Law On Cat Killing UK
The law on cat killing in the UK has not changed for over 100 years and longer. I was idly browsing through Our Cats and all about them by Harrison Weir. The book was published in 1889. On page 207 is a section entitled: THE LAW ON CAT KILLING. I can quote bits of it as it is in the public domain after all this time. It refers to ‘Addison on Torts’. This is a well known law book edited or authored by Mr Addison, I presume. “Tort” is a legal term meaning a civil wrong such as trespass (as opposed to a crime).
“It is clearly laid down in ‘Addison on Torts,’ that a person is not justified in killing his neighbour’s cat, or dog, which he finds on his land, unless the animal is in the act of doing some injurious act which can only be prevented by its slaughter”
The book also refers to an old case called Townsend v. Watken. That case states that if a person sets a trap for a fox and that trap kills a cat, the person who set the trap is liable for the cat’s death even if the cat should not have been on the person’s land. There is no mention of criminal law in Mr Weir’s book.
Today, however, deliberately killing a cat, unless it is under exceptional circumstances, is a crime.
The RSPCA in 2012, on their website make it clear that cats are protected by the law and it is a criminal offence to trap, injure and kill them. It does not matter if the cat is “trespassing” on someone’s land.
The RSPCA do not want the law changed. They say there is no evidence that cats have an impact on bird populations that warrant a change to law to curb their roaming.
Personally, I am very sensitive to other people’s rights and wishes. Some people positively detest having cats on their land. They might not detest cats but when they wander into their garden they become upset about peeing and defecating in their flower beds.
Cat caretakers do owe a duty towards other people to respect their rights and wishes. Cat caretakers have a similar duty towards their cats. It is therefore a balancing act between what are often competing objectives. Common sense must prevail.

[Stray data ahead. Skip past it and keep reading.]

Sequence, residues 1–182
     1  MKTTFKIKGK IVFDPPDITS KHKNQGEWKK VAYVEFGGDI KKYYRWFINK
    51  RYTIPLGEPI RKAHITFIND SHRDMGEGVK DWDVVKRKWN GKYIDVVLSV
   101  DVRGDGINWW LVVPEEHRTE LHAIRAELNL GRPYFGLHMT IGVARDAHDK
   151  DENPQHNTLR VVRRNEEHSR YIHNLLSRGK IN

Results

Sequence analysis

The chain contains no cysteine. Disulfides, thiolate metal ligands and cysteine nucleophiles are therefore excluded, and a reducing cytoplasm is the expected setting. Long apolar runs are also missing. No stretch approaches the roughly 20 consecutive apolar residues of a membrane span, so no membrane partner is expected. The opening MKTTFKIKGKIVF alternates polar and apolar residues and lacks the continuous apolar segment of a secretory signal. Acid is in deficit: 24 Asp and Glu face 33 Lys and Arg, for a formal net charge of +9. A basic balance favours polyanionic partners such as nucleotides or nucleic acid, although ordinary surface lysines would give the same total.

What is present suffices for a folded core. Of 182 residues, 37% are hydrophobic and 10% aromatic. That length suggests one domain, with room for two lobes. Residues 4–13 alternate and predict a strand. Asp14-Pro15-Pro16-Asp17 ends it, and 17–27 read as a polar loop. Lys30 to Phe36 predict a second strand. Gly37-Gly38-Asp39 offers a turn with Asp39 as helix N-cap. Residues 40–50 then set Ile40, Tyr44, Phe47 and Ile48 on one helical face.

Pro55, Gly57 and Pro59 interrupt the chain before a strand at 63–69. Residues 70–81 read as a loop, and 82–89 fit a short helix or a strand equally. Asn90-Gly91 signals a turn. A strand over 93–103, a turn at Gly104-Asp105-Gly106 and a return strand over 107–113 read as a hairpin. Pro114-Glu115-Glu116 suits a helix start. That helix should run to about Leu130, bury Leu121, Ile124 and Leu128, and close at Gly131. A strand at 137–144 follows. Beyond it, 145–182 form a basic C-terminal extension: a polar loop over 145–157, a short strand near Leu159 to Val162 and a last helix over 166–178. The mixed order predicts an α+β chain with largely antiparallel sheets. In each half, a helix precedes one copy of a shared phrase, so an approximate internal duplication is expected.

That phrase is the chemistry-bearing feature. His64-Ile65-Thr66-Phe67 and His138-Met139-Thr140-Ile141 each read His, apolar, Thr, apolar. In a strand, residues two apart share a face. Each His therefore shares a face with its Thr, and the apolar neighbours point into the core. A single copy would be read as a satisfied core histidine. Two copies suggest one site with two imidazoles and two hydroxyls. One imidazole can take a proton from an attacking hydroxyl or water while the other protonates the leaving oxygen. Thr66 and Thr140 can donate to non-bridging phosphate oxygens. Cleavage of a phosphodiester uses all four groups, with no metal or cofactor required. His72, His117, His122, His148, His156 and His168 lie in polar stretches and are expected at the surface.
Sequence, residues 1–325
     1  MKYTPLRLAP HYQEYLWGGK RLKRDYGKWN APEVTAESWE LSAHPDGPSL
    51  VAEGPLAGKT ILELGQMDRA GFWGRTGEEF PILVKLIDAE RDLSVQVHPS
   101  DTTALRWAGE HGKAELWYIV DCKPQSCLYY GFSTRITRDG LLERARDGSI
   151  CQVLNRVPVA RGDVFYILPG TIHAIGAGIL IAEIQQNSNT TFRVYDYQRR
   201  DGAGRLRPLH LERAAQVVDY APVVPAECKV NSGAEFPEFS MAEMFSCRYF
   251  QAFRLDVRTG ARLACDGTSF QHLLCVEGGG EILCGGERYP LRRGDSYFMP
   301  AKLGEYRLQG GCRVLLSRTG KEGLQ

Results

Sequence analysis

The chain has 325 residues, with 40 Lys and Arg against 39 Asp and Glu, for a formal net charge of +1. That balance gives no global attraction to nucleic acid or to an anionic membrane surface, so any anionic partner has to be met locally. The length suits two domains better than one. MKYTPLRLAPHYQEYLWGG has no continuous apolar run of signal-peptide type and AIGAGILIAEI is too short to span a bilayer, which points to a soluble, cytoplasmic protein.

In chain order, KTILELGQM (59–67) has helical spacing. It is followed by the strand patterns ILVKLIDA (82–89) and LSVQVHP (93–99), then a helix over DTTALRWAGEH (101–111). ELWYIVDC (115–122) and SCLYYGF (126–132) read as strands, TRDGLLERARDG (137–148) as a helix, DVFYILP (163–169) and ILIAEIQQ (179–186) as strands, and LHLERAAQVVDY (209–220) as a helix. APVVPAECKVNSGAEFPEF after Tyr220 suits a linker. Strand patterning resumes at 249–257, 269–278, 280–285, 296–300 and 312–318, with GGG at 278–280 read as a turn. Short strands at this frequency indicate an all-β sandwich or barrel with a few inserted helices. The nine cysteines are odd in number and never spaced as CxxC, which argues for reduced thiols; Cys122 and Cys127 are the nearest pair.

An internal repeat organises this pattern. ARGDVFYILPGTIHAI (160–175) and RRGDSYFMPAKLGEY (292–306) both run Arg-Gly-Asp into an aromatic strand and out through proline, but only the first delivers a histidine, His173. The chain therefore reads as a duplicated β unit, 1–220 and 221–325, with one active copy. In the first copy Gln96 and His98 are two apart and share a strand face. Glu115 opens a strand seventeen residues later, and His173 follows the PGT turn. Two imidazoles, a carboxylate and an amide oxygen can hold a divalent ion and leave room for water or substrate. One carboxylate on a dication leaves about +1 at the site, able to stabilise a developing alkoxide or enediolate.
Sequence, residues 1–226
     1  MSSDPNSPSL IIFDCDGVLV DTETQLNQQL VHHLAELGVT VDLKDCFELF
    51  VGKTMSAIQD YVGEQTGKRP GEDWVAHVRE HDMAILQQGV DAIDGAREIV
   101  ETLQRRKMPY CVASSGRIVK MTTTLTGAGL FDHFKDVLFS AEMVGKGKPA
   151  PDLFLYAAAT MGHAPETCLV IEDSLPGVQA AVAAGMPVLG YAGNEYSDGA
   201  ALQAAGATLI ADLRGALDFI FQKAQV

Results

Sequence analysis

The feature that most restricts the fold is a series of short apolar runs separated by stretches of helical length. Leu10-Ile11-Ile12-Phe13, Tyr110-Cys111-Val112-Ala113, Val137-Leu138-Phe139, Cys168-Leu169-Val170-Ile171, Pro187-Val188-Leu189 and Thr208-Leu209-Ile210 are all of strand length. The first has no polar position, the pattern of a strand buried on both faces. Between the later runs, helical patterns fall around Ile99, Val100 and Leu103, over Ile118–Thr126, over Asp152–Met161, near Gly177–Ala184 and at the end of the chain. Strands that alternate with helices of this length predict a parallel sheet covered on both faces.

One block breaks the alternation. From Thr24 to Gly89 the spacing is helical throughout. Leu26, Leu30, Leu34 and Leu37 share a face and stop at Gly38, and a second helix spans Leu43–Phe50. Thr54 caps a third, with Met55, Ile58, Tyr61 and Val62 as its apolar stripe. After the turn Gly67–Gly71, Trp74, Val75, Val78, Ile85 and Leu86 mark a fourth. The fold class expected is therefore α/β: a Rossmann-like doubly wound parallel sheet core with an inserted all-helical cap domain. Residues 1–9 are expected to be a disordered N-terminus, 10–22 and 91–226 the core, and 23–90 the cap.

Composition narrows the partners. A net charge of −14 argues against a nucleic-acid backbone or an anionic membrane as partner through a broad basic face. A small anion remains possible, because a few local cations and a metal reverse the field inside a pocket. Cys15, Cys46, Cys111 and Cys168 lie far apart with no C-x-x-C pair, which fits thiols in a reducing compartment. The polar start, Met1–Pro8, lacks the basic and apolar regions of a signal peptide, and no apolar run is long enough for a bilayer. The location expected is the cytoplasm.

The same common sense and respect needs to be given by people who don’t want cats in their garden. They should remind themselves that if they hurt or kill a cat it is probably someone’s much loved companion. It does not matter how annoyed you become.
In the UK a person killing a cat will be prosecuted for a criminal act under the Animal Welfare Act 2006. Peter Johnstone became fed up when a neighbour’s cat regularly wandered into his garden. His wife had a phobia about cats. He was worried that she might get an infection from the cat as she had recently been to hospital for an operation. In short, he had some decent reasons for being upset.
He caught the cat, pushed it into some plastic bags, weighed the bags down with bricks and threw the cat into a canal. The cat drowned. He was caught, charged, tried and convicted. He was jailed for 4 months and banned from keeping animals for 25 years. As he was 57 years old at the time that was for the rest of his life, effectively.
I know things can be quite different in other countries, including North America but my research indicates that there are many similarities to the UK in America. The sadistic stories of the notorious “Woodsman” testify to some differences together with the story of the sheriff who took pot shots at roaming cats oblivious to the possibility that the cat belonged to someone. Although, the USA does have good animal protection laws and a concern for animal welfare. It is just that sometimes in some places it is not enforced properly. The UK has problems of enforcement too.
Note to Woodsman: don’t leave a comment.